Tuesday, October 14, 2014

Walter Lippmann on the New Republic: "We have no ... propaganda to grind."

This entry -- a footnote to an article on Creel and Lippmann during World War I -- is a work in progress; updated 5/22/2016; suggestions welcome -- please email john.h30@gmail.com

Walter Lippmann on the New Republic: We have no ... propaganda
to grind

From Ronald Steel, Walter Lippmann and the American Century (1980): 62-63:
[Joining The New Republic,] Lippmann could not have been more pleased with the magazine and his new colleagues. He had a prestigious job with a good salary, could write what mattered to him and work closely with influential men. "We're starting a weekly here next fall," he wrote Van Wyck Brooks early in the winter of 1914, "a weekly of ideas -- with a paid up capital -- God save us -- of 200,000 ["For forty years years the Straight family subsidized the NR at an average cost of some $100,000 a year -- Steele, 62]. The age of miracles, sir, has just begun," ... [e]xplaining [to Brooks] that the [magazine's] substance would be "American, but [JB -- but?] sophisticated and critical [.]" ... The magazine's objective was to "infuse American emotions with American thought" -- to be, in another words, a vehicle of cultural nationalism. "We have no party axe or propaganda to grind," he underlined. "We shall be socialistic in direction, but not in method or phrase or allegiance. If there is any word to cover our ideal, I suppose it is humanistic, somewhat sharply distinguished ... from humanitarianism." ...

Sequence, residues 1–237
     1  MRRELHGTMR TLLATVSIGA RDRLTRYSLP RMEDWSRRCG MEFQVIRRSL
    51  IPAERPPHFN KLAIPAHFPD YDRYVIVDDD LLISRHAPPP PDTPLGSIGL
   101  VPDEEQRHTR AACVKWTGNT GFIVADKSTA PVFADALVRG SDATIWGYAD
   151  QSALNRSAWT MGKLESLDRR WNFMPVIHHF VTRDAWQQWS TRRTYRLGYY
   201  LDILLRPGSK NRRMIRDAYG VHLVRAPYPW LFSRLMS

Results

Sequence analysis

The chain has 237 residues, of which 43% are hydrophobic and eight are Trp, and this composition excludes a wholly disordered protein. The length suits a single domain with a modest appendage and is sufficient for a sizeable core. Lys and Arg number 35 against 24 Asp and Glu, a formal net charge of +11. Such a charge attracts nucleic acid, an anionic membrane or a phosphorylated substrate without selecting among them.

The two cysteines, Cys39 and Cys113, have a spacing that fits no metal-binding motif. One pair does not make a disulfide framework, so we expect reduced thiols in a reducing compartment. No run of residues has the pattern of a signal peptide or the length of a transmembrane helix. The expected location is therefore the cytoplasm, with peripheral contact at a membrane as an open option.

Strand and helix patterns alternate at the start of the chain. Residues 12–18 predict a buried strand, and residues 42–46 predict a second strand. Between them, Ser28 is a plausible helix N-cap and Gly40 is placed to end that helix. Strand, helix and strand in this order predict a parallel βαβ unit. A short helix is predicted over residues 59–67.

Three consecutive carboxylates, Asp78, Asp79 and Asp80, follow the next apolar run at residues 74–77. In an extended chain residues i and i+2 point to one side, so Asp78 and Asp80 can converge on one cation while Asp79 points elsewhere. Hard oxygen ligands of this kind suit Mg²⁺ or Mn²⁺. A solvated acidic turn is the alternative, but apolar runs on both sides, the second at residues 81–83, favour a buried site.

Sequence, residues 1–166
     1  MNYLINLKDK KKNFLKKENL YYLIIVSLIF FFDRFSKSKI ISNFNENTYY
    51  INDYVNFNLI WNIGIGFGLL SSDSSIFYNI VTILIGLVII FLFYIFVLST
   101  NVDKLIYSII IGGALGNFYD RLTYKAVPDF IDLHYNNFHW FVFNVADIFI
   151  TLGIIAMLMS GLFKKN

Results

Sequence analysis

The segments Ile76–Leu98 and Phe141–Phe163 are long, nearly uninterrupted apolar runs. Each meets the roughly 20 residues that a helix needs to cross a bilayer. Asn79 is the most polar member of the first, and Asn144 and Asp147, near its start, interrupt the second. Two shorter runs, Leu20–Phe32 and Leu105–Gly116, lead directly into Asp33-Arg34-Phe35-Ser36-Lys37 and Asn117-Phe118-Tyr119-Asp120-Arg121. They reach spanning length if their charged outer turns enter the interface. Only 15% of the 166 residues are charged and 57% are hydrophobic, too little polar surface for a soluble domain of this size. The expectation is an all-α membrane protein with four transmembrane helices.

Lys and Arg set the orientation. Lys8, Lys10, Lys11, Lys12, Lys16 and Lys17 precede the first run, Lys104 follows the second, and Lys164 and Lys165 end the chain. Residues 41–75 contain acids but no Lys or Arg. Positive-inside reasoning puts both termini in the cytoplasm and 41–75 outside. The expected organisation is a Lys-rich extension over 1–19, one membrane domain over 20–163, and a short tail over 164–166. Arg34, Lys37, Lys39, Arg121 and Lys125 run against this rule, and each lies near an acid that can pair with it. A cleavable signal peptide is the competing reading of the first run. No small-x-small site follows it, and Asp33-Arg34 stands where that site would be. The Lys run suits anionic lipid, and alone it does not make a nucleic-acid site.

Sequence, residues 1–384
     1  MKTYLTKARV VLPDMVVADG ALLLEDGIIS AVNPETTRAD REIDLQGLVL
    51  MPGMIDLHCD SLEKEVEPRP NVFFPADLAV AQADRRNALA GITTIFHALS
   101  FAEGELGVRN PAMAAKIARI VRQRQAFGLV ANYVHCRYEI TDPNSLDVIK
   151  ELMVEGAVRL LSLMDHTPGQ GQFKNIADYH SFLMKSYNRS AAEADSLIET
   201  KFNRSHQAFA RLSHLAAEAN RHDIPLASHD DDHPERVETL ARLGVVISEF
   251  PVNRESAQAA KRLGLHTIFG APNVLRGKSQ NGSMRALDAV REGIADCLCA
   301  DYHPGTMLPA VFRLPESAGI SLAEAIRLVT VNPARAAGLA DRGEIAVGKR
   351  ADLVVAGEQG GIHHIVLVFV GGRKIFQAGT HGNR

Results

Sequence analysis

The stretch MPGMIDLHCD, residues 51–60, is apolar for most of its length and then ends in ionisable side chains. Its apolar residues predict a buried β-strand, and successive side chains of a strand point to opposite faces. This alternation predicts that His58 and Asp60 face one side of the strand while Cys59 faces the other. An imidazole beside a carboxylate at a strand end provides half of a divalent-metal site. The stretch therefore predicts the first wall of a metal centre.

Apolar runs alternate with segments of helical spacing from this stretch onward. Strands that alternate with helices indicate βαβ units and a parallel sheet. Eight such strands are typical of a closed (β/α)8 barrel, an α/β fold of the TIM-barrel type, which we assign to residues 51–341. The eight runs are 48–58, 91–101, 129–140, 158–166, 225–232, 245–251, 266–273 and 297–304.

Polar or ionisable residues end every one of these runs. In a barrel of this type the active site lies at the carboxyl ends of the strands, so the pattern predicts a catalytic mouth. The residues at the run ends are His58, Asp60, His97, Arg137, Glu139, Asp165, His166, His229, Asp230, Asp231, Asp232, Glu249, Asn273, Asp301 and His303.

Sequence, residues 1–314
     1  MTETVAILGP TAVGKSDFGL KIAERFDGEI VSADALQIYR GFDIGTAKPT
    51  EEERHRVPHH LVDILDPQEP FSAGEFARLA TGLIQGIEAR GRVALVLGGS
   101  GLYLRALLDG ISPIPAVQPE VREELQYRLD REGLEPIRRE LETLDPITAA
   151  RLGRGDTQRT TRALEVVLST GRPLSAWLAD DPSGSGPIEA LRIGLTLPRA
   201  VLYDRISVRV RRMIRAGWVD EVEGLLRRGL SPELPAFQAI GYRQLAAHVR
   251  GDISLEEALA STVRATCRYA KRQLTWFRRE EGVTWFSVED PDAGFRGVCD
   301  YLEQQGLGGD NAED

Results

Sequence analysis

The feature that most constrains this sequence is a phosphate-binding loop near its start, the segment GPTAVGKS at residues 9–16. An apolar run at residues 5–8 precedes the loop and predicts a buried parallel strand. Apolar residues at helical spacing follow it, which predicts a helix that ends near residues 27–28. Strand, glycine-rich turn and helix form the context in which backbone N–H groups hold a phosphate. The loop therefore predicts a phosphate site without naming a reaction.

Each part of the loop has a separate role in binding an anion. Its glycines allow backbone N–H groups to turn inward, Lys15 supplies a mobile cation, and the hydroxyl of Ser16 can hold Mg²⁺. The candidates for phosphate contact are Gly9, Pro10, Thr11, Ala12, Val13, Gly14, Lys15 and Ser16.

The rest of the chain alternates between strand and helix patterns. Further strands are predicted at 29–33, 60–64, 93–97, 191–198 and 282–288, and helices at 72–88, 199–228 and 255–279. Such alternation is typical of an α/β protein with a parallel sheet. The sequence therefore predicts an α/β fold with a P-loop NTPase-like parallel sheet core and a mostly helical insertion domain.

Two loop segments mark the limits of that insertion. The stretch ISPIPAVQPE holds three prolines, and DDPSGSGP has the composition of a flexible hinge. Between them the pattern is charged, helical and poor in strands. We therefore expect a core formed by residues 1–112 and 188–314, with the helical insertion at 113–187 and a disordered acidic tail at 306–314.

Lippmann image from
[By joining The New Republic] Lippmann was meeting different people from those he had known as a muckraker and socialist. Some were rich,  many were eminent -- very few were radicals. They were progressives in a patrician way, with a sense, like Theodore Roosevelt's, of noblesse oblige . ...
Lippmann cultivated these people for what the could teach him and their ability to advance his career. Influence, he now believed, rested not on trying to convert the masses, but on reaching the people whose opinions mattered. The radicals, he felt, lived in a small world of plots, promises, and hyperbole. He would be out of the constricting circle of the Masses and the Call, away from the true believers and professional agitators.
Later the great would seek him out. At twenty-four he sought them out. 

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